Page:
• Issue 8: Wireless In the past, it was easy to mitigate wireless risks by separating critical business functions from wireless technologies. That time has ended. Wireless is now pervasive in all industries, business units, and technologies, and has moved from business convenience to business enablement. Consistent with the theme of dissolving the perimeter, do companies really understand that the increased flexibility and accessibility provided to legitimate users also increases the accessibility to malicious users? Wireless can be introduced into your environment securely, but consistent implementation at all control levels – management, operational, and technical – is necessary to protect your sensitive information and critical infrastructure.
  • ● Risk – Wireless signal bleed increases area in which an attacker can “physically” access your network – Wireless protocols are often found to be insecure – Wireless is more frequently utilized for core network functions – separating core business functions from wireless systems via network segregation is not always practical ● Recommendation – Secure protocols should be used, of course, but also layers of security: emphasis on password policies, mobile device security, encryption, training, etc. Wireless
  • Issue 9: Inadequate Testing Programs As systems become more complex, so must the control environment to protect those systems. Start asking yourself some probing questions. Are we sure each control is working as designed? Do we have multiple layers of controls in case one fails? However, do we have similar layers in our testing program? Do we rely solely on an annual penetration test? How could more frequent vulnerability scanning and scheduled controls-testing work together with focused penetration testing to form a comprehensive testing program that provides optimum assurance? Critical assets and the controls to protect them must be understood and well-documented. Only then can a testing program can be developed to ensure each control is working as expected.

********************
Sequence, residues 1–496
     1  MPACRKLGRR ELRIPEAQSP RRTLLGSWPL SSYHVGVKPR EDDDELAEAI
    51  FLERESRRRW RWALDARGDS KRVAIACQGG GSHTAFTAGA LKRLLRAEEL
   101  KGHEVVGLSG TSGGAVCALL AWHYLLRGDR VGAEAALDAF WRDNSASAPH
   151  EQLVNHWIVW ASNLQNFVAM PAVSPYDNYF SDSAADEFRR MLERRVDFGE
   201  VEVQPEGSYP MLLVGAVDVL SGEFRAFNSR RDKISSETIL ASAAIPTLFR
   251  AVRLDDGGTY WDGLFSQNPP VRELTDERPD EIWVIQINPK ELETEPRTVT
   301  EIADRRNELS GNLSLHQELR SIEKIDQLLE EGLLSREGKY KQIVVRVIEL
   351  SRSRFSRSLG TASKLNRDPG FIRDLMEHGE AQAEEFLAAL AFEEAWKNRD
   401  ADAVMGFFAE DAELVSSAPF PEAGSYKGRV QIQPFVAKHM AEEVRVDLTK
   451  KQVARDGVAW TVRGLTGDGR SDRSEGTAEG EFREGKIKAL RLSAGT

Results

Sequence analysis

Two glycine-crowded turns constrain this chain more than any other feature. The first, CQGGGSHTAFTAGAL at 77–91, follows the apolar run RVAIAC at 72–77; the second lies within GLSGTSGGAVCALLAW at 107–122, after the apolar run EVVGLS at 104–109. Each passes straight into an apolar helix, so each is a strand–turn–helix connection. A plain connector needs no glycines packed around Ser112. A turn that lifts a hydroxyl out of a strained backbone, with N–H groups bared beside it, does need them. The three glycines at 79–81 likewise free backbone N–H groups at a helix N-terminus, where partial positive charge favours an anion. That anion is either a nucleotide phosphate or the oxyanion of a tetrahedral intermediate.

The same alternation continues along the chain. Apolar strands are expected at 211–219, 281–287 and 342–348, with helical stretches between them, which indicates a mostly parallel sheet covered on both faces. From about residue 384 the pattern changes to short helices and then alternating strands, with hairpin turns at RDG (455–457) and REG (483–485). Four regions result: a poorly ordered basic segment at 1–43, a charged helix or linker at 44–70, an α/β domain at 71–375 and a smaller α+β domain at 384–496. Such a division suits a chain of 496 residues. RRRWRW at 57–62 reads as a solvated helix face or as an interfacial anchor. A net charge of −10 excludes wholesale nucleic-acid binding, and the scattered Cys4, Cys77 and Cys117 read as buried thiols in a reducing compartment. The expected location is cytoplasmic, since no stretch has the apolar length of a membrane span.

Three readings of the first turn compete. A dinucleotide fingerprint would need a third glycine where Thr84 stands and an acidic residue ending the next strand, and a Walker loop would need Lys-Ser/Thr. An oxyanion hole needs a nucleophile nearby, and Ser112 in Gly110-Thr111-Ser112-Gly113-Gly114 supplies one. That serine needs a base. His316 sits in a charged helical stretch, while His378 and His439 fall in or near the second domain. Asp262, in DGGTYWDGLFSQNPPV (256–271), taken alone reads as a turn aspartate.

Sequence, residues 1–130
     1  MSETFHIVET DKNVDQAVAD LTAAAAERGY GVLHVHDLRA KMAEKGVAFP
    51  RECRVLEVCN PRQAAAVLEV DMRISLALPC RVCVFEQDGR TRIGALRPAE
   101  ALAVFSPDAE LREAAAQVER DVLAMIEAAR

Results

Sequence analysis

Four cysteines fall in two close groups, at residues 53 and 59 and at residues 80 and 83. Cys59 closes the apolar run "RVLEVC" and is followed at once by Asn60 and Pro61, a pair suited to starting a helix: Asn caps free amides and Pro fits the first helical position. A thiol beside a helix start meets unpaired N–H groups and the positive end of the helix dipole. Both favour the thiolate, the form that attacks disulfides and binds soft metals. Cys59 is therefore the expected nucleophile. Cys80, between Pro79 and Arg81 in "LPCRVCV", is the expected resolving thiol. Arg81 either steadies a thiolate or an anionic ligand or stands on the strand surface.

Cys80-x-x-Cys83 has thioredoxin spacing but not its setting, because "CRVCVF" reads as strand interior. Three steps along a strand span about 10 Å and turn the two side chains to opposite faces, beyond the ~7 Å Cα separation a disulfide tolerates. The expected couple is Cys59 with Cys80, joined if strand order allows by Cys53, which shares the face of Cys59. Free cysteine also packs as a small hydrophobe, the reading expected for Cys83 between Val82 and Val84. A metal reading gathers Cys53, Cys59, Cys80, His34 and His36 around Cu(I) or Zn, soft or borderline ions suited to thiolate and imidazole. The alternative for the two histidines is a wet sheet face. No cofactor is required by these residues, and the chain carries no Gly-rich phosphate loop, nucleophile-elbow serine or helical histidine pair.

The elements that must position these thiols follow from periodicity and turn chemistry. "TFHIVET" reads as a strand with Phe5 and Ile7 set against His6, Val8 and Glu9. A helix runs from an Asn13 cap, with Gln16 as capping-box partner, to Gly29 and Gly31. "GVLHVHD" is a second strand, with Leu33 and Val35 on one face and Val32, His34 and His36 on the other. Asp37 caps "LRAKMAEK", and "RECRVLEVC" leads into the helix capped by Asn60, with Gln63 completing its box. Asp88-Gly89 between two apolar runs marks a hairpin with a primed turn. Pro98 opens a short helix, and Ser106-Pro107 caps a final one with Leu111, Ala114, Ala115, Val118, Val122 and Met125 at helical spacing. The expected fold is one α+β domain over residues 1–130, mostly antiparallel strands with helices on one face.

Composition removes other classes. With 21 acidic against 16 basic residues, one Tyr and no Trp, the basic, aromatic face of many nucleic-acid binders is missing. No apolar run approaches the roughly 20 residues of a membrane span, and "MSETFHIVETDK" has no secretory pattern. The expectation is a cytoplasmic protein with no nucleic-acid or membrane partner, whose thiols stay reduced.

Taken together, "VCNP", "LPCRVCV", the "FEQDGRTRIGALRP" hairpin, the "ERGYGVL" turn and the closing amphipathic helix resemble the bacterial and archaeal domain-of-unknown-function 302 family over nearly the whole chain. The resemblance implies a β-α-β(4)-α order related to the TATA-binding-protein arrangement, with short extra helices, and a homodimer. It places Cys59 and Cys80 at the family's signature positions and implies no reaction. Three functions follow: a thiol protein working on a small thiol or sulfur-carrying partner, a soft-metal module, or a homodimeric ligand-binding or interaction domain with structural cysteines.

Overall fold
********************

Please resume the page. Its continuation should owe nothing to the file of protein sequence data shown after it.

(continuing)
• ● Risk – Security controls are not working as intended ● Recommendation – Ask these questions: ● Is each control working like we think it is? ● Do we have layers of controls in case one fails? ● Do we really think we are secure because we have a ________ installed? ● Have we actually done an objective test of our critical controls? Inadequate Testing Programs
  • Issue 10: Lack of Mobile Device Security Policy Controlling enterprise-deployed mobile devices is hard enough without also dealing with increasing numbers of personal devices connecting to the network. A recent smartphone management survey found that “of the 60% of employees that are becoming smartphone equipped, up to 80% may be employee owned." Whether company-owned or employee- owned, if a smart phone or personal computing device can access or store enterprise data, users must follow internal policies and procedures. So, be sure to update your policies to address your employee’s use of these personal devices.
  • ● Risk – Mobile devices such as iPads, iPhones, and Android devices are becoming ubiquitous – They host functional apps with extensive network access, data storage and systems access – They are often employee owned/controlled ● Recommendation – Create a mobile device security policy to address: confidentiality, integrity and availability of mobile device usage – Policy should address: access control, authentication, encryption, incident response, training/awareness and vulnerability management Lack of Mobile Device Security Policy
  • Resources: - Penetration Testing - Downloadable mobile security policy template - Key to a successful information security program